Oh come on, it's just clothes, no sensible person is interested in clothes are they?
If you think that, try going about your day dressed in rubber shorts and your gran's nightie, see if you feel any different and if any of your not-judging-anyone-by-their-appearance friends treat you any different.
When Frank Zappa got some US Marines to dismember a doll on stage, one of the audience shouted 'get those uniforms off the stage'. Zappa replied, 'Everybody in this room is wearing a uniform,and don't you forget it.'
I will be at the front of the queue to agree that fashion obsession is a substitute for having a meaningful focus of attention and that most of what goes on in the world of fashion and textiles is not only meaningless, irrelevant snobbery but incredibly dull-witted too, but that doesn't mean great work and ideas don't come out of it. By the same token, car design doesn't really interest most of us but it takes a measly mind to deny the genius of Alec Issigonis.
For as long as she's been doing it, Westwood has been the most radical prominent thinker in her chosen profession, using her work and position to challenge preconceptions, to be bold and dare us to be equally bold, simultaneously showing up the lavishly praised small minds that saturate the field.
Like Brian Eno she is unashamed of her clear English voice, that slightly posh tone that is actually a declaration of her unpretentiousness, neither aspiring to the aristocratic, nor pretending to be street. It declares an authenticity and honesty in what she says, at least inasmuch as she really means it when she says it.
But every time she does something that amazes, she then does something really stupid to utterly deflate it. It's rather like Prince Philip serving a term as president of WWF whilst being a big hunter: build 'em up then shoot 'em down.
I suspect I like Vivienne Westwood more than she deserves, like someone trying to hold on to their respect for Eno if he suddenly started managing boy bands.
At the unveiling of her autumn/winter 2005 collection, her show notes for the audience said 'The more you consume the less you think'.
What a great slogan, and it's double-plus-great to be saying it to the vacuous superficial style-twats who will have made up a clear majority of the audience.
Unfortunately, it's a tad rich coming from a woman who was in the process of launching her Hardcore Diamonds range of expensive jewellery. She says that the range - featuring £10,000 necklaces and, oh how punk, £400 diamond encrusted safety pins - is 'affordable'.
Hypocrisy isn't a bad thing in itself, but this totally unjoined thinking is impossible to swallow, even for someone like me who really wants to like Westwood.
Of course, wildness of ideas and unpredictable changing of position is common in creative minds, but for some reason if it's a creative woman - think not only Westwood but Bjork and Sinead O'Connor - then rather than point out the inconsistency we tend to dismiss them as hatstand, no matter how great their good work is.
But anyway, in an interview with The Independent last month, Westwood said
The world suffers from three evils: nationalism, which has taken the place of religion; organised lying; and non-stop distraction. The most pernicious of these is non-stop distraction. These three things can be summed up in one word: propaganda.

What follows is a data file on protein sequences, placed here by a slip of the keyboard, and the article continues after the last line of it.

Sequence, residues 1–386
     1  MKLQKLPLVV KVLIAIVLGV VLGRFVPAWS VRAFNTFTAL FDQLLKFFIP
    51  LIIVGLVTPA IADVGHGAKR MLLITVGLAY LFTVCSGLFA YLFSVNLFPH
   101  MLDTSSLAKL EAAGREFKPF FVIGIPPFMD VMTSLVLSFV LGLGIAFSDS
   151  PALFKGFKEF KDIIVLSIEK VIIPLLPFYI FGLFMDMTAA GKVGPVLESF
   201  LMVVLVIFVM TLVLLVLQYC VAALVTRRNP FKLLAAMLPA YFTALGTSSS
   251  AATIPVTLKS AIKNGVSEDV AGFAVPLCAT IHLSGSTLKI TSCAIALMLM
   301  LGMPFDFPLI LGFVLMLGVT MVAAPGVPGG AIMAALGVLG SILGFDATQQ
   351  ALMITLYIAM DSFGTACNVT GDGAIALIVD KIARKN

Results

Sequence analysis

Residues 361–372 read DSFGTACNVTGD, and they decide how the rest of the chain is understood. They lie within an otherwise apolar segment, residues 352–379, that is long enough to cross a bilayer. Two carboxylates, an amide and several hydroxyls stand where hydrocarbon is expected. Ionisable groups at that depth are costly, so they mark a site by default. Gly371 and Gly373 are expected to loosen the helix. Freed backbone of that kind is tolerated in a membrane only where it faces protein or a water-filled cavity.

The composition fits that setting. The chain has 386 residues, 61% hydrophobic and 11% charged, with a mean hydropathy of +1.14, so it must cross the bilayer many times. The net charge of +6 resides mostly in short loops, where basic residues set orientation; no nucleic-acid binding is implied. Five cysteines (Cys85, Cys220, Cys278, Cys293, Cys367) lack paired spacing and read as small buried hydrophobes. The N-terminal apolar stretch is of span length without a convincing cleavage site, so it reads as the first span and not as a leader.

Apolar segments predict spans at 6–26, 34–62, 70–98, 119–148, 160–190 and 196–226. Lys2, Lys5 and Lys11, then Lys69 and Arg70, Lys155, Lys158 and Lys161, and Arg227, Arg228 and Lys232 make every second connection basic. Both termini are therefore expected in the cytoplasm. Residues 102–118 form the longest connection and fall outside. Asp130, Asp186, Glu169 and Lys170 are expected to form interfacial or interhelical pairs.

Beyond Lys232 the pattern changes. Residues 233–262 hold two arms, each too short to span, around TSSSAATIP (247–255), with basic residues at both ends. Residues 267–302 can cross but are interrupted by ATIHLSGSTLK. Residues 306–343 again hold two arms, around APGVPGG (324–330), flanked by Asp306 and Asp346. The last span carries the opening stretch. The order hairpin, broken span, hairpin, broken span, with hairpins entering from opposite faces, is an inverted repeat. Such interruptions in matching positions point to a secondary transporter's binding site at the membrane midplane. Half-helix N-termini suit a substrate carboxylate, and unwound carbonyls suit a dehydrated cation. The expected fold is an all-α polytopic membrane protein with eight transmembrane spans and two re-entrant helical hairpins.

I want to say to young people that every time you look up a word in the dictionary you are changing the world. Propaganda is about manipulating words and using big, abstract terms to affect people emotionally. Propaganda subverts language. If you look up a word in the dictionary, not only do you start to think more but you are actually fighting propaganda because you are finding out what these words have meant in the past and what they in fact still mean.
Great stuff again. And how does she manifest her avowed wish to see us think for ourselves?
When France had a referendum on the EU Constitution in May, Vivenne was lending her support to the Vote Yes campaign with a stirring appeal to the electorate's powers of intellectual appraisal.
'Don’t bore yourself reading all 800 pages and just vote “yes”. It’s very important,' she said.
The European Union is an idea at odds with itself, so much so that to simply say yes or no to the Constitution is to misunderstand it. Paradoxically, to say 'yes' or 'no' to the constitution is to say yes and no to your ideals, whereas saying 'yes and no' to it is the only consistent position.
But to declare that others should do so too without even knowing what they're saying yes to is to manage the impressive feat of being even more absurd than the yes/no referendum itself, and dollop a big helping of insulting patronisation on top for good measure.
In her autumn/winter collection there's a T-shirt with PROPAGANDA in massive Frankie Says style letters.
From that Independent interview:
I wanted to reactivate my World's End shop. I have so many ideas and I don't like letting them go so I thought I'd do them in different fabrics and sell them there, maybe for half price, you know, cutting out the middle man. I wanted it to be for kids, affordable, so I did some T-shirts too.
Affordable; that word again. For the kids. A £65 T-shirt.
I think we must know different kids.